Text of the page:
We're Outnumbered

Dec 15, 2008

We’re outnumbered.

Plain as day. And they’re not going away.


The estimated ratio of insects to humans is 200 million to one, say Iowa State University entomologists Larry Pedigo and Marlin Rice in their newly published (sixth edition)  textbook, Entomology and Pest Management.  Rice is the 2009 president of the Entomological Society of America.


There's an average of 400 million insects per acre of land, they say.


400 million!


Per acre.


“The fact is, today’s human population is adrift in a sea of insects,” they write in their introduction.


Well, what about biomass? Surely we outweigh these critters?


No, we don't. The United States “is home to some 400 pounds of insect biomass per acre, compared with our 14 pounds of flesh and bone,” they write. “Another amazing statistic is that in the Brazilian Amazon, ants alone outweigh the total biomass of all vertebrates by four to one. Based solely on numbers and biomass, insects are the most successful animals on earth!”


There you go. The insects are the land owners; we are the tenants. “They are the chief consumers of plants; they are the major predators of plant eaters; they play a major role in decay of organic matter; and they serve as food for other kinds of animals,” Pedigo and Rice write.


Insects represent the good, the bad and the ugly.  


The good: they give us honey and pollinate our crops. They spin our silk. They serve as natural enemies of pests. They provide food for wildlife (not to mention food for some of us humans).  They are scavengers. They provide us with ideas for our art work.  They are  fodder for our horror movies.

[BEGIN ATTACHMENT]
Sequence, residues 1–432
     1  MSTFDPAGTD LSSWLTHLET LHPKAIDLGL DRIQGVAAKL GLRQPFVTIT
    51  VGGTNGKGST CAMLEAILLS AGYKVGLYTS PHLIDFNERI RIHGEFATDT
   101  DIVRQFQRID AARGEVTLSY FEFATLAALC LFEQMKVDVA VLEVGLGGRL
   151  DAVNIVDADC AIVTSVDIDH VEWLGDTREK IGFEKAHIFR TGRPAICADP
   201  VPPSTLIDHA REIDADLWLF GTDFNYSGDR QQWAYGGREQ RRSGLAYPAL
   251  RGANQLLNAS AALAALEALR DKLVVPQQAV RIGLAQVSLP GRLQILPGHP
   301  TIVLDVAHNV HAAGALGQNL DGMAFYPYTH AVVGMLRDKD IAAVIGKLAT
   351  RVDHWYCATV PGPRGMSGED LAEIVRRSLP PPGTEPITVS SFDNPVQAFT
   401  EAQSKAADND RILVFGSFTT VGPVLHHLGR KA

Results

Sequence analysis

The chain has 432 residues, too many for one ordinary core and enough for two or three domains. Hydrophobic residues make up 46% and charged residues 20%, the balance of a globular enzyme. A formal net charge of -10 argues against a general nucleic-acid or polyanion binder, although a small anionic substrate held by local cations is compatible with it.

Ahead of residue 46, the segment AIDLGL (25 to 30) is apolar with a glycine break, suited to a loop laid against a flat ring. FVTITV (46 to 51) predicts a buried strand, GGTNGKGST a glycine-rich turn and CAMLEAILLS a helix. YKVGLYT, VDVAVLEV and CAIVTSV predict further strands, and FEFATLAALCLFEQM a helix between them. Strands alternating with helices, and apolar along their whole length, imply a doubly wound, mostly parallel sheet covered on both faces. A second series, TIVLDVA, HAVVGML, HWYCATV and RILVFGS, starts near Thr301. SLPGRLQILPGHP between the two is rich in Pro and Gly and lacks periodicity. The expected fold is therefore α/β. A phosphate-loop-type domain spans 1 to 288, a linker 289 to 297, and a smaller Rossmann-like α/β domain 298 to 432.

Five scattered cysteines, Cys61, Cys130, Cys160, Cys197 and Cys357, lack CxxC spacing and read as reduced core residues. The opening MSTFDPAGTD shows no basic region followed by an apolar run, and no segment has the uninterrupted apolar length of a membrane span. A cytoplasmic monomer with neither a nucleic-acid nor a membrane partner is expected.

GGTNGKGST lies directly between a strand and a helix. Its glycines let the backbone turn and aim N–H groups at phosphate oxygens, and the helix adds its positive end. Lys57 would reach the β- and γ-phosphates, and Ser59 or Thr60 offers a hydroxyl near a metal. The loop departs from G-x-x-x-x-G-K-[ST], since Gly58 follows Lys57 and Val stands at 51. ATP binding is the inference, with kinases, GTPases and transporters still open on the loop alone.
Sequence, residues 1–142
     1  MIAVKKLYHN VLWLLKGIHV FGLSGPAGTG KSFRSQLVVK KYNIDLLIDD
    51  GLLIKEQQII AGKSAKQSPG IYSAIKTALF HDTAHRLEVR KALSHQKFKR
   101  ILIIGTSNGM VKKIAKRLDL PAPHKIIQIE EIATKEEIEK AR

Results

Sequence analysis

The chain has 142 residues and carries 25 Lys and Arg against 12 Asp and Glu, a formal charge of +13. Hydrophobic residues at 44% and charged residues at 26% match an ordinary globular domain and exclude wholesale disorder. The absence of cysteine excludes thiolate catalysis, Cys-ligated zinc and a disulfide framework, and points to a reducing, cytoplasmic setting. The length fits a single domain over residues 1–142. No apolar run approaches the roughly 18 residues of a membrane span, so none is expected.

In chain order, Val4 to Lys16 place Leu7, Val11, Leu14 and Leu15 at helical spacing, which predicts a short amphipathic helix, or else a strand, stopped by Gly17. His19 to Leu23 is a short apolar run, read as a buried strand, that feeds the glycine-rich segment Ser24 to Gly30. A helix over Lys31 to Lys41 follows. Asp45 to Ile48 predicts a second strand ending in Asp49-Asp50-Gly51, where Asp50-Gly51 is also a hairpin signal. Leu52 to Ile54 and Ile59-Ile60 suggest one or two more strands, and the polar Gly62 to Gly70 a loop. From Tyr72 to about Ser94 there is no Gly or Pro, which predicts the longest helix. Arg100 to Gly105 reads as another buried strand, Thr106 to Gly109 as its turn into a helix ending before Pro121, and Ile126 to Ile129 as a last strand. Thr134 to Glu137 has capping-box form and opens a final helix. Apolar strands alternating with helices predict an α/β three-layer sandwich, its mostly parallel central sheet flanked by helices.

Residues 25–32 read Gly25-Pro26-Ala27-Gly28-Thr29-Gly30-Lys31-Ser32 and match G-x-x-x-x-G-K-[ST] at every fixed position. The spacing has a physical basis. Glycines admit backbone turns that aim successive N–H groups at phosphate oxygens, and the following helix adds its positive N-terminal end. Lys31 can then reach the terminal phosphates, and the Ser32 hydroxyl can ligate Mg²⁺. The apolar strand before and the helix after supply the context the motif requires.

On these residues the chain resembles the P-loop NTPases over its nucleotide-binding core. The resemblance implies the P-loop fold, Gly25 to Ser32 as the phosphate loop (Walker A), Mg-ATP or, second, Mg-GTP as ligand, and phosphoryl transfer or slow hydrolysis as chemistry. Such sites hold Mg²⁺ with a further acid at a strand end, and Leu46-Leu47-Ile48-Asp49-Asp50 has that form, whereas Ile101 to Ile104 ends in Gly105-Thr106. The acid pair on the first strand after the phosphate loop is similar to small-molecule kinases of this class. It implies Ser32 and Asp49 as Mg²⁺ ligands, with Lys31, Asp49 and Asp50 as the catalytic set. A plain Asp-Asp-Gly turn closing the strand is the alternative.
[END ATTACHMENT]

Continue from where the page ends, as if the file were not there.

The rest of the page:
And what scientist hasn't benefitted from the inheritance studies of the fruit fly, Drosophila melanogasta? What ecologist  hasn't studied water pollution by examining the mayfly population? Mayflies are the counterpart of canaries in the coal mine. 


The bad: they eat our food crops, forests and ornamental plants. They devour or spoil our stored grain. They chew holes in our clothing. They pester us. They annoy our animals, too.


The ugly: They can—and do—kill us. Think mosquitoes. Think malaria, West Nile virus, yellow fever, dengue, encephalitis and other vectorborne diseases.


But wait, there's more! Many more.  Scientists have described more than 900,000 species of insects but there could be seven times as many out there,  the authors point out. 

Ironically, despite the huge numbers of insects, many people don't know the meaning of the word,  entomology, the science of insects. They should.  Insects outnumber us and always will. They've lived on the earth longer than us (400 million years) and adapt to changes better than we do. Most are tiny.  Most can fly. And most reproduce like there's no tomorrow.  


"Based solely on numbers and biomass, insects are the most successful animals on earth," the authors claim.


You can't argue with that.


By Kathy Keatley Garvey
Author - Communications specialist

Attached Images:

THE BEES--Honey bees are the good insects. Here UC Davis bee breeder-geneticist Susan Cobey looks at a healthy frame of bees. (Photo by Kathy Keatley Garvey)

The Bees

THE APHIDS--Aphids are crop pests. Their reproductive capabilities are immense. (Photo by Kathy Keatley Garvey)

The Aphids

THE MOSQUITOES--Mosquitoes that transmit diseases, such as malaria and West Nile virus, can kill us. Entomology graduate student Tara Thiemann is studying Culex mosquitoes. Infected Culex mosquitoes can transmit West Nile virus. (Photo by Kathy Keatley Garvey)

The Mosquitoes